Supporting Social Language at Home
63% of the children that go to Celebrate the Children benefit from some form of AAC to improve their access to language. Some children use supports to help language and speech, while some rely completely on AAC to share all they know and think about the world. Our mission as a department is to help improve children’s efficiency in accessing language. The more we can do this, the more we honor their individuality.
To better achieve this goal, we will strive to bridge the school-home use of AAC. We want to provide more training opportunities to help families problem solve simple ways to bring AAC into their everyday life. On May 4, 2019, the Speech-Language department at Celebrate the Children held an Augmentative Alternative Communication (AAC) training for our parents and caregivers, which was a great way to support families whose children use AAC throughout their day. This training highlighted making language fun. We started by collaboratively creating sentences with the child’s core page. We then played a game to come up with as many verbs to describe a situation. We ended with using comment words for a variety of images. Parents did not know where things were on the device. This forced the parent to slow down, the way their child slows down in order to navigate and motor plan the pages for their AAC system. We have to remind ourselves how quickly we talk and formulate our ideas. Errors are encouraged because it helps a child see to stick with it, and children like to see when adults make mistakes, because so much is hard for them. Modeling use of the device around simple activities honors your child’s need to use supports to be an active participant in their day and it normalizes an alternative way to express oneself.
Language is a social event. Sharing information one person to another in a pleasant way empowers people and makes people feel valued within their day-to-day interactions. This training was a social event that allowed us as a community of AAC supporters, to improve our comfort, share our child’s different language tools, normalize what we do, and share our own thoughts. It was so nice to give some practical ways to transition AAC to the home. We invite parents to ask for more training, so we as a community, can support each other in helping our children meet their maximum potential, and share all the awesomeness that makes them who they are.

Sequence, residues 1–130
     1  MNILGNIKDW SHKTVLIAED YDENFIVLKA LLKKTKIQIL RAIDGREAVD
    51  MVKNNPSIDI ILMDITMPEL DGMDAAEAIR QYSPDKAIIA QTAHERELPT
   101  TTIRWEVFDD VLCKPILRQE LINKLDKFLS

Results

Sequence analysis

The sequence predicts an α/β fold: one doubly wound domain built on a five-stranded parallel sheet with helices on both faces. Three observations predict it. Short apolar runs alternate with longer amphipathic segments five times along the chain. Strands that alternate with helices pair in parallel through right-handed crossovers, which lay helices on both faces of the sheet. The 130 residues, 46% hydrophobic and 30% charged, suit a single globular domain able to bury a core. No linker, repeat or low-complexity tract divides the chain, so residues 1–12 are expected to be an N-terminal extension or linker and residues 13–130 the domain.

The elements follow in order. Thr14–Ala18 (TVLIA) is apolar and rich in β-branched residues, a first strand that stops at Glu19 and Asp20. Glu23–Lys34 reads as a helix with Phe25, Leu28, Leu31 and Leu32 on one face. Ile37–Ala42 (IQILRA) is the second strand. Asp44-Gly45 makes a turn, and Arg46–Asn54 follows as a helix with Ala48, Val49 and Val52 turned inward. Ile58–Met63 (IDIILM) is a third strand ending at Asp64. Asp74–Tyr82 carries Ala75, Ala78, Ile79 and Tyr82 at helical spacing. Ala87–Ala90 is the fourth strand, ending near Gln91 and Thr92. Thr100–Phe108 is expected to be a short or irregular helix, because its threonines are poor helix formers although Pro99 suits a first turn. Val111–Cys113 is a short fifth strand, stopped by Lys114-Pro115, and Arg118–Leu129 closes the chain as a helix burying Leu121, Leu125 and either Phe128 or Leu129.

The Speech-Language Therapy Team, Celebrate the Children
Coloring Eggs - Sensory Style!
Here is a fun and sensory way to color eggs with your children/students for Easter/Spring. Forget messing with the store-bought kits—these eggs are the coolest. For best results, soak your eggs in vinegar for a minimum of 2 minutes so the color really clings to the egg shell. We prefer liquid food coloring to gel or powdered food coloring as it's easier to swirl in the cool whip. The best part is, this method uses all edible ingredients, so you can eat the eggs when you're done displaying them!
Prep time: 15 mins
Total time: 35 mins
Directions: Place eggs in a large bowl and cover with white vinegar. Soak for 2 minutes, drain and dry the eggs thoroughly. On a large plate or small baking sheet, spread your whipped topping in an even layer about 1/2” deep. Drop food color in single drops about an inch apart, in as many colors as you choose. Use a toothpick to swirl the colors to a marbled effect. Roll eggs in whipped cream and let sit 10 to 15 minutes. Remove from whipped cream (you may want to use latex gloves to avoid staining hands) and rinse until no whipped topping remains. Let dry completely on a paper towel and display.
Here is the link to watch a video of how to do this process. Https://www.delish.com/cooking/recipe-ideas/a19446386/cool-whip-easter-eggs-recipe/
Transition Department, Celebrate the Children
Contributions to this blog are made by Celebrate the Children's highly talented, interdisciplinary team and wonderful families.